• Dave

    Why is Biedrins still starting?

  • Dave

    Biedrins last four games: 0 pts, 0 pts, 0 pts, 0 pts. What a joke!!!

  • marc

    Anybody know why the Dubs didn’t go after Kris Humphries? Dude is averaging 13.5ppg 11reb…and he was cheap. Woulda been a nice addition.

  • Dave

    He plays David Lee’s position. He would be nice backup if the Warriors had all of the other holes filled. Warriors need a center.

  • Perry

    Excellent point, “Niners In 2012″…….

    I’ve said it many times, this organization is equal to the competitive level of other cellar dwellers in this league, only difference is Oracle packs a big arena.

    What’s even more depressing is watching the Playoffs and realizing how far behind this Golden State team is.

    The level of play, the usual stand-out performances by big game players and the overall character of playoff basketball shows how this Golden State team doesn’t even belong in the same hemisphere.

    In other cities……Washington, Charlotte, Detroit, New Jersey, Toronto, Cleveland, New Orleans….when the product is bad, the fans do not pay.

    And therein lies the essence of this Golden State organization. Sell a loyal fan base a mediocre product and watch intelligent Bay Area people pay to watch a disaster.

    Lacob is actually smart, this Warrior franchise isn’t his only business. He realizes that the only thing that matters is profitability.

    The most depressing thing is watching other organizations like Philadelphia, like Indiana, like Utah; begin to show more promise and develop right before our eyes while we still struggle to even piece together a 12 man rotation.

    It’s difficult to say what the main issue is with this team. One can argue the zero production we get from the 5 spot and wonder if you slid in an Andrew Bynum type player, what kind of team this team would become.

    Can you look at a guy like Joakim Noah? Always has his arms and hands by the rim, looking for easy baskets, running the floor and defensively as aggressive as any 5 in the league. Can you picture him in the Warrior rotation?

    Is it the backcourt?

    The poor decision-making, the turnovers, the innopportune mistakes all come along with the backcourt of Curry and Ellis.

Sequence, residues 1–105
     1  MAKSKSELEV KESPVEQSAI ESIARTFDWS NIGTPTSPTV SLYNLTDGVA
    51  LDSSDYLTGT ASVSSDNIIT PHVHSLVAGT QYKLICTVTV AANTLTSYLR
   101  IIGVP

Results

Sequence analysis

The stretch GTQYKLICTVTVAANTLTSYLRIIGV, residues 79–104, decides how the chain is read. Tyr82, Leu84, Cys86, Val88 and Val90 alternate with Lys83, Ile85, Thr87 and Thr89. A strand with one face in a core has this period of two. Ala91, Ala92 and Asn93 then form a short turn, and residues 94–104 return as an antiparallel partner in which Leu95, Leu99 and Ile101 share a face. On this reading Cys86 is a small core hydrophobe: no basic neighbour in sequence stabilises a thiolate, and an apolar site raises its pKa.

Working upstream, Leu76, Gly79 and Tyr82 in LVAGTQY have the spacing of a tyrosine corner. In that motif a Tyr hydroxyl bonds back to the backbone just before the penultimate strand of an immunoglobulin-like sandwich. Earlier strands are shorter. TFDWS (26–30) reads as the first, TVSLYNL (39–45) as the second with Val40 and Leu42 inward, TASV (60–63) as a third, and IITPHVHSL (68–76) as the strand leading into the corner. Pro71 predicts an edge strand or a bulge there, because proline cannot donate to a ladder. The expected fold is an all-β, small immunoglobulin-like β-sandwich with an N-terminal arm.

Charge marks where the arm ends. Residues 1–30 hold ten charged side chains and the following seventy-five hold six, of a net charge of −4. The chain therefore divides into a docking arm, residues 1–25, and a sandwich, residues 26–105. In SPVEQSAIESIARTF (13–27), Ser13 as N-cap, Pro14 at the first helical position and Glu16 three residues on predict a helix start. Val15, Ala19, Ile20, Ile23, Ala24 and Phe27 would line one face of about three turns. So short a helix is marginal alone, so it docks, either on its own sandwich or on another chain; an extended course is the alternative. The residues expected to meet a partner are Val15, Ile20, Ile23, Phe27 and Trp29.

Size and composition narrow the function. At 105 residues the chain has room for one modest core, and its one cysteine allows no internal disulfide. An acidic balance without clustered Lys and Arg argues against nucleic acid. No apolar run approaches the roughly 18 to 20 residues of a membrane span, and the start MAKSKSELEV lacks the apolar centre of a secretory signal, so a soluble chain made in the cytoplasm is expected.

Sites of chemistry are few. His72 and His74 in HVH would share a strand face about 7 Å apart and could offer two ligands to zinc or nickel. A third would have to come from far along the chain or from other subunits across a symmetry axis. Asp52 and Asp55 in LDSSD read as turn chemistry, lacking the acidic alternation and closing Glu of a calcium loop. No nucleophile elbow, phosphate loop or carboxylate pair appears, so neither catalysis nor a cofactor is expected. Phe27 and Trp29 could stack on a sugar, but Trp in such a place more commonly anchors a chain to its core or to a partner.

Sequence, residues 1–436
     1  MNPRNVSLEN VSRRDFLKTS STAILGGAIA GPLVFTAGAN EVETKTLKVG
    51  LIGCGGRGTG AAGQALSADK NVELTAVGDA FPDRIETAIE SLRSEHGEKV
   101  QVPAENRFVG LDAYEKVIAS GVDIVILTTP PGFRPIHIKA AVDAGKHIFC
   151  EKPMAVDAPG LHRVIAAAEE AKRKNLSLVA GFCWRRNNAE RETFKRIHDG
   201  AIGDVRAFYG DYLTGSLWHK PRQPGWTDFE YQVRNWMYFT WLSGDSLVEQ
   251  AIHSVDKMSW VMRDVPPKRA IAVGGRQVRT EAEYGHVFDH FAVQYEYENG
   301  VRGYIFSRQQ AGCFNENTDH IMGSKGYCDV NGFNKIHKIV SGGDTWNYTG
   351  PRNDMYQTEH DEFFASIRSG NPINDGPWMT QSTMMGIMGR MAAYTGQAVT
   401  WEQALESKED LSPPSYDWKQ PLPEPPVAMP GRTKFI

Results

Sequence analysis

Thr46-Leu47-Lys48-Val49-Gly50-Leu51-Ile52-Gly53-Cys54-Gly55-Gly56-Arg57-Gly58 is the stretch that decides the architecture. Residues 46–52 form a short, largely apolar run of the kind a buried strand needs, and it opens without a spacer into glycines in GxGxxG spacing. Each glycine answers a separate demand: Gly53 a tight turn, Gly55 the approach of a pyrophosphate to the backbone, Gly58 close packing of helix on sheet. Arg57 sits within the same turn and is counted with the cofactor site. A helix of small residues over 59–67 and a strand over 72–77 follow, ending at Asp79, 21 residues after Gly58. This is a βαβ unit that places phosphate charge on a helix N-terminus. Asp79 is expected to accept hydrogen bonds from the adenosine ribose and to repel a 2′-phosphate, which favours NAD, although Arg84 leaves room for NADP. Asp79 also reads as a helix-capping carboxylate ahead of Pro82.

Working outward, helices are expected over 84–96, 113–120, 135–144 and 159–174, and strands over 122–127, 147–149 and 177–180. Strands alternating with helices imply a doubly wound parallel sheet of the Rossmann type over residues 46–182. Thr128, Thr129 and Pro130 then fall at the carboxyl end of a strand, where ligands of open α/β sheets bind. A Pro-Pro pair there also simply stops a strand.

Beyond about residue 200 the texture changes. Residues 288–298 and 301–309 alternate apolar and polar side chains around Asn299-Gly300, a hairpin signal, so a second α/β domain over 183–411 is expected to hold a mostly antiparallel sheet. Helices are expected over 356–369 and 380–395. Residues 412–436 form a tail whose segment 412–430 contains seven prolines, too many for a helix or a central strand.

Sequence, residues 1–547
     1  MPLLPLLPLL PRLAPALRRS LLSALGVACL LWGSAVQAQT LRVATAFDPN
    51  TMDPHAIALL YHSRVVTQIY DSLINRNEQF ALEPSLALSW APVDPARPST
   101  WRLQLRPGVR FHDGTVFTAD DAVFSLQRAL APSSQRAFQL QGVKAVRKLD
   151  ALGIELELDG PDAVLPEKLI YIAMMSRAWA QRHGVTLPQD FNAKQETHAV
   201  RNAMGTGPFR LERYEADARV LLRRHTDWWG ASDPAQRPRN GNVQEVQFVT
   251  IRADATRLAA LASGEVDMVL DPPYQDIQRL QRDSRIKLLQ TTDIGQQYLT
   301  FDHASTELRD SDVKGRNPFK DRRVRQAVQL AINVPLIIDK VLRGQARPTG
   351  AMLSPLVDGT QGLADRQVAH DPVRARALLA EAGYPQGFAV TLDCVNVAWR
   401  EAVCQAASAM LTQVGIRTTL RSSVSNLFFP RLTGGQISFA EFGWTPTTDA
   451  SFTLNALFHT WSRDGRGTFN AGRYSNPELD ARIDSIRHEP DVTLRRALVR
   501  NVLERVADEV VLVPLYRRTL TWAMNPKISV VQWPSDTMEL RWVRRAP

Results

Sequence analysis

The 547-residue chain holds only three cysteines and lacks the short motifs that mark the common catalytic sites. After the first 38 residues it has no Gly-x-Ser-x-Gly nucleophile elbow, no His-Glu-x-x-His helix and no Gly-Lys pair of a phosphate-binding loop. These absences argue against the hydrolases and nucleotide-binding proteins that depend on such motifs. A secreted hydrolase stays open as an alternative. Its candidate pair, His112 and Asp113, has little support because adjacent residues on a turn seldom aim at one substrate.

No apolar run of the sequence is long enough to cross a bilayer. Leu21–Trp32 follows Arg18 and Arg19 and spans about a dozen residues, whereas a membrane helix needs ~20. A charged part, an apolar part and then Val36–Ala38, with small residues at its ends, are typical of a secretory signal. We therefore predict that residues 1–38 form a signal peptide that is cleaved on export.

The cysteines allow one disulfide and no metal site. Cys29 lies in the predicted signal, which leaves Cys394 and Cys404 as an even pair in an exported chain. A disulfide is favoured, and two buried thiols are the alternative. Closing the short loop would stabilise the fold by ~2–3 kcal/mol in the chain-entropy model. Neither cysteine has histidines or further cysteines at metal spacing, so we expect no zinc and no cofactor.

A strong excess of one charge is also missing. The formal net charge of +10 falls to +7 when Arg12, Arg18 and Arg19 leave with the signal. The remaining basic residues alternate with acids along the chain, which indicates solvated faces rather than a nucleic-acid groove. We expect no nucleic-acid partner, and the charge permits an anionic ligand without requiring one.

Curry’s hook passes on the move into a congested lane with 4 players standing there is frustrating.

    Ellis’ stupid slap fouls on the break allowing “And 1” situations are upsetting.

    Nate Robinson, while lovable, is hardly anyone you can count on for long-term commitment or growth. I don’t really like his game that much. He ain’t no ‘Jet’ or J. Harden, trust me, he’s not anybody to bank on.

    One of my biggest dissapointments this season thus far is Dorell Wright. I thought that he would begin progressing with this organization, comfortable in the starting role at 3, a lot of confidence from last season and belief from his coaches.

    Smart was a pro-Dorell Wright guy and as is Jackson. I like Dorell, I think he’s a pretty good defender, a heady offensive player and a good shooter. I am dissapointed to see that he regressed this season.

    I think D. Lee is playing about the best basketball he can play. I think he’s a system guy who understands how to score the ball and is a good rebounder. 19ppg and 10rpg from your 4 ain’t that bad, I don’t think that D. Lee is the problem.

    I don’t know anymore, I don’t know what can be done to improve this team and I don’t have the patience.

    This organization is about 37 years away from a playoff berth and 62 years away from a Championship.

  • earl monroe

    with Thompson as hot as he was, what took so long to get him back in?

  • Dave

    They should trade Lee to a contender. Lee is wasting away here. By the time the Warriors improve, Lee will be gone.

  • Young


    Nice piece covering this Kaman potential trade! But I think Warriors can pull this trade off.

    Correct me if I’m wrong, but can’t you just trade a player for a pick (salaries dont have to match when its a player for a pick straight up right?)

    If so, I say send him for a 2nd round pick and…CASH.

    I always see the Blazers or Mavericks or other owners who wanna win send cold hard CASH to get a deal. Why not us? Because as you stated the Hornets want expiring contracts, picks or young talent. They will soon see all they can get is expiring contracts. Kaman aint that good :-/
    Our deal can easily end up being the best offer they get